Avoid most common internet literature, usually about veterans, often asking why some people suffer shell shock (the WWI appellation) and others don’t. C/PTSD is the normal human biological reaction to devastating events that cannot be integrated into a person’s larger experience often due to the level of horror, as well as a lack of understanding, empathy and support. Herman underlines the social complications of trauma recovery, which we’ve seen much of in the media lately, e.g. victim blaming in rape cases. “It is very tempting to take the side of the perpetrator. All the perpetrator asks is that the bystander do nothing. He appeals to the universal desire to see, hear, and speak no evil. The victim, on the contrary, asks the bystander to share the burden of pain. The victim demands action, engagement, and remembering” (Trauma and Recovery, p 7).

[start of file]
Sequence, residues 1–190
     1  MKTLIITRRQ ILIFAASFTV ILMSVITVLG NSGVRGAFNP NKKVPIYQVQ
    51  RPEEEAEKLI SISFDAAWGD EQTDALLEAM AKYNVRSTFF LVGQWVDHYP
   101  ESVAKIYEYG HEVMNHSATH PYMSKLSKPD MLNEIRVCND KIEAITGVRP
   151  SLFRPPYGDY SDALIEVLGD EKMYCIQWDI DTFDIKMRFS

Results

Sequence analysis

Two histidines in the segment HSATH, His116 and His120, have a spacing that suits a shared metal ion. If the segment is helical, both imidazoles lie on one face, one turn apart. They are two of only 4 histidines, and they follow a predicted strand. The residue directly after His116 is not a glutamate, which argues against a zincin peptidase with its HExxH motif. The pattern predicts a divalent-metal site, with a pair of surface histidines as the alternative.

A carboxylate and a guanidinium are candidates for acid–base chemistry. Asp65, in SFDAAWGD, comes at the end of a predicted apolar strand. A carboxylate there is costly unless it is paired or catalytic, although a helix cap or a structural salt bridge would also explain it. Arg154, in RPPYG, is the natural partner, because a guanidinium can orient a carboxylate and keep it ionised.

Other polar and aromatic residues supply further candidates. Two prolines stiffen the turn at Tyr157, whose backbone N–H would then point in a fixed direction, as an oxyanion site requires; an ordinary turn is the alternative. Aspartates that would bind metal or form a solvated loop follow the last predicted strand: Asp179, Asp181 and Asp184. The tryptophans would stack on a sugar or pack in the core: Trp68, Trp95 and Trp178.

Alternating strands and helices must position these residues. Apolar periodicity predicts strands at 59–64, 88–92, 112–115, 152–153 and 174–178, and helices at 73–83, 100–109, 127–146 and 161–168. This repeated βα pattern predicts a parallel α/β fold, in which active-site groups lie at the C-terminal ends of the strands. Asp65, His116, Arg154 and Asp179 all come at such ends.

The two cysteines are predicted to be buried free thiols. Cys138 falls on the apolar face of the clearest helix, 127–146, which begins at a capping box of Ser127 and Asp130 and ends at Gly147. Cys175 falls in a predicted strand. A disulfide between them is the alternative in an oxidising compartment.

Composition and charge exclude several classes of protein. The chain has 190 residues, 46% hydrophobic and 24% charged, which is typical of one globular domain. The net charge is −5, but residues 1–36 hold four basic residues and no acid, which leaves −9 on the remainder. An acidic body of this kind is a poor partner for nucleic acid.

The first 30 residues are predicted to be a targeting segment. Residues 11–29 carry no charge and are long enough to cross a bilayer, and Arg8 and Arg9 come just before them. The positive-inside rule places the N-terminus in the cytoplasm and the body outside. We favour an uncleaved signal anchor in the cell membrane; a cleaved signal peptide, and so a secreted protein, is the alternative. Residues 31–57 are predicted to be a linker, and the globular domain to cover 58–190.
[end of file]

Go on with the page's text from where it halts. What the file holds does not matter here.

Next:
Since I began writing about yoga and trauma, several students, colleagues, and friends have come out to me as trauma survivors. As Herman says, trauma is not rare. Nor is it imagined. Survivors have many biological markers that identify them (low heart rate variability, HRV, among others). It has raised a lot of questions for me about yoga and trauma, teaching survivors in designated classes and out, in classes for the general population. (More on this next time.)

My own yoga practice has often been subsumed by observing my traumatic reactions: fight or flight in asana practice, and freeze (dissociation) in asana and meditation. This only began after years and years of practice, when I finally found enough safety (through a solid, caring relationship) to explore. It was an opening of sorts.